The rulers of Lwamondo are Vhalaudzi of Tshimudi. Oral history has it that the Vhalaudzi were part of Vhasenzi, the group led by the Singo, and that the Vhalaudzi were led by Govhamasenga (also known as Gwamasenga) and his half-brother Tshimudi. Vhalaudzi settled along Mutshedzi River in the Nzhelele valley. The area where the Vhalaudzi settled is known as Vhulaudzi (meaning “the land of Vhalaudzi”).
It is indicated elsewhere on this website (Early History) that the Vhavenda Kingdom during Kings Dyambeu and Thohoyandou’s times stretched from Vhembe river (Limpopo) in the north to Crocodile river in the south. This kingdom included people who were not Venda speaking. The Karanga of Zimbabwe were subject to him and the Bapedi chiefs recognised him as their sovereign.
King Thohoyandou placed various loyal chiefs across the kingdom to ensure that people paid tribute to him. King Thohoyandou instructed two Vhalaudzi chiefs, Govhamasenga and Tshimudi to go further south to conquer Mapulaneng and Mashishing (Lydenburg).
Govhamasenga and Tshimudi left for Mapulaneng and Mashishing as instructed by King Thohoyandou. Govhamasenga and his children settled at Mapulaneng, while Tshimudi and his son, Tshilinde, settled at Mashishing. Both Govhamasenga and Tshimudi did not like Mapulaneng and Mashishing. They both could not establish themselves due to the fights that ensued between Vhalaudzi and the amaSwati and Mapulana in the area.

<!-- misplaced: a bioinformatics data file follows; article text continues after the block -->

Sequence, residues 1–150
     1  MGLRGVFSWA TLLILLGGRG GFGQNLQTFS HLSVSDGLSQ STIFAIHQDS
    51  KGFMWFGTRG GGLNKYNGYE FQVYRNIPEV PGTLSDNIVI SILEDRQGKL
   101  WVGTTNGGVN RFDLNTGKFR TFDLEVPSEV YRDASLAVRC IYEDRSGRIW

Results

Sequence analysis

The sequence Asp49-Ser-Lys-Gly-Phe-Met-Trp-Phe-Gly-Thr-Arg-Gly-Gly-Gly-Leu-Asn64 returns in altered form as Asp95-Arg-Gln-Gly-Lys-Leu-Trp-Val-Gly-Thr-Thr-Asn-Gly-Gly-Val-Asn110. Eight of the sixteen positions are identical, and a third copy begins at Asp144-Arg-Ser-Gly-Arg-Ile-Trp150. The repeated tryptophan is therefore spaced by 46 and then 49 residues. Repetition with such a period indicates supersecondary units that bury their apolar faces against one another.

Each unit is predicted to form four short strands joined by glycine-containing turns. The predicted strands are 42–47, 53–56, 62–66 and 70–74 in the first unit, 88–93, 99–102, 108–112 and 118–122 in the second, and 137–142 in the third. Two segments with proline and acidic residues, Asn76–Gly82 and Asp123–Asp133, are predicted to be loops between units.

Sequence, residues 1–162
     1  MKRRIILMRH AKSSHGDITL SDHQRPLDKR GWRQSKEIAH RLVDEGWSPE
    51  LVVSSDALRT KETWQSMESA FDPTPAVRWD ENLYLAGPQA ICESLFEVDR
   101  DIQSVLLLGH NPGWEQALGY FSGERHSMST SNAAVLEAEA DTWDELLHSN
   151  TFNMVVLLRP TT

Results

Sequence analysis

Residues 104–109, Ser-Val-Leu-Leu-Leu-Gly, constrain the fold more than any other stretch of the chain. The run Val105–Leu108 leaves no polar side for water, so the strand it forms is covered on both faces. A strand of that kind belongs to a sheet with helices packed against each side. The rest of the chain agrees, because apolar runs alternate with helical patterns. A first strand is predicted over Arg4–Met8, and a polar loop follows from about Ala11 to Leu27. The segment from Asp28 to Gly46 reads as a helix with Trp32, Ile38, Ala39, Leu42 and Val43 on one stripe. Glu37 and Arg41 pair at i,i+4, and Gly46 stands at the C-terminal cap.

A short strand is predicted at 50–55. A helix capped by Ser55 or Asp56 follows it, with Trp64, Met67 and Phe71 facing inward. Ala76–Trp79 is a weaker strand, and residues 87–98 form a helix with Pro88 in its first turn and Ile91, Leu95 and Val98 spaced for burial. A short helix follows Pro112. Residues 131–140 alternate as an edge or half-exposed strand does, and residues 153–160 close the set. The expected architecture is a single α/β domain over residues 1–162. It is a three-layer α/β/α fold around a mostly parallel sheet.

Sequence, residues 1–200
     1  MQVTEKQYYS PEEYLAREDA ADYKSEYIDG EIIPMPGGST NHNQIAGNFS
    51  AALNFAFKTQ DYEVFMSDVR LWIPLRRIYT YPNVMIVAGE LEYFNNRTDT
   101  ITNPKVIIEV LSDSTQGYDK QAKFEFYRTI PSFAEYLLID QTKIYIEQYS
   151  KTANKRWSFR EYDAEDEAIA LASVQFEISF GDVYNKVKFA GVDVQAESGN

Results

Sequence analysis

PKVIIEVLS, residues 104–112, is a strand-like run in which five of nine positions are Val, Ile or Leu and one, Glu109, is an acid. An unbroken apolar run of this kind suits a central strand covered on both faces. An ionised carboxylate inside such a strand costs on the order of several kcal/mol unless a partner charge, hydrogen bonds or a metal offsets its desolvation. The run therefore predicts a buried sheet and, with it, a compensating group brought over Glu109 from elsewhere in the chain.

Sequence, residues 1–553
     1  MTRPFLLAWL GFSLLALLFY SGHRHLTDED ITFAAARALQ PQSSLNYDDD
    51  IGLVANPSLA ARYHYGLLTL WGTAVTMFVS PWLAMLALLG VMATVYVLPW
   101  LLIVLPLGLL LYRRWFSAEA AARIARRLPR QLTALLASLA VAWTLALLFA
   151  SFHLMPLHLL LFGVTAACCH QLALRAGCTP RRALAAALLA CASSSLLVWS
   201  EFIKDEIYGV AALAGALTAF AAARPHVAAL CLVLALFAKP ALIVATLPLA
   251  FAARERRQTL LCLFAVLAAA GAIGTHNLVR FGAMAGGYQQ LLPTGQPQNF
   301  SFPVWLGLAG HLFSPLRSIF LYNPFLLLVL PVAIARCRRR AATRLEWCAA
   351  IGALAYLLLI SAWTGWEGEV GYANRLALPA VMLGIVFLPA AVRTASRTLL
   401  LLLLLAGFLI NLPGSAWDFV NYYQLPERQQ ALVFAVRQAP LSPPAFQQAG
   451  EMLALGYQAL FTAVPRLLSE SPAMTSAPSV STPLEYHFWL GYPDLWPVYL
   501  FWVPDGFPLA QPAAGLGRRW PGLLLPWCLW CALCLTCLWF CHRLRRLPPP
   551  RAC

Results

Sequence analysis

The Vhalaudzi of Govhamasenga went back to Venda and were joined by the Rongas who came from Mozambique. The Rongas had also tried to settle in Mapulaneng, but they also got engaged in bloody battles with Swazis and Mapulana.
The Vhalaudzi of Govhamasenga settled at Tshinavheni. Historians argue that most of the Vhalaudzi children who were born in Mapulaneng and Mashishing spoke broken Tshivenda and were fluent in Sipulana and Siswati. They were, therefore, seen by some people as outsiders. This, historians believe, led to the wrong impression that Vhalaudzi were of Ronga origin. The confusion was compounded by the presence of Vharonga within Vhalaudzi, and it was assumed that the Vhalaudzi and Vharonga were one.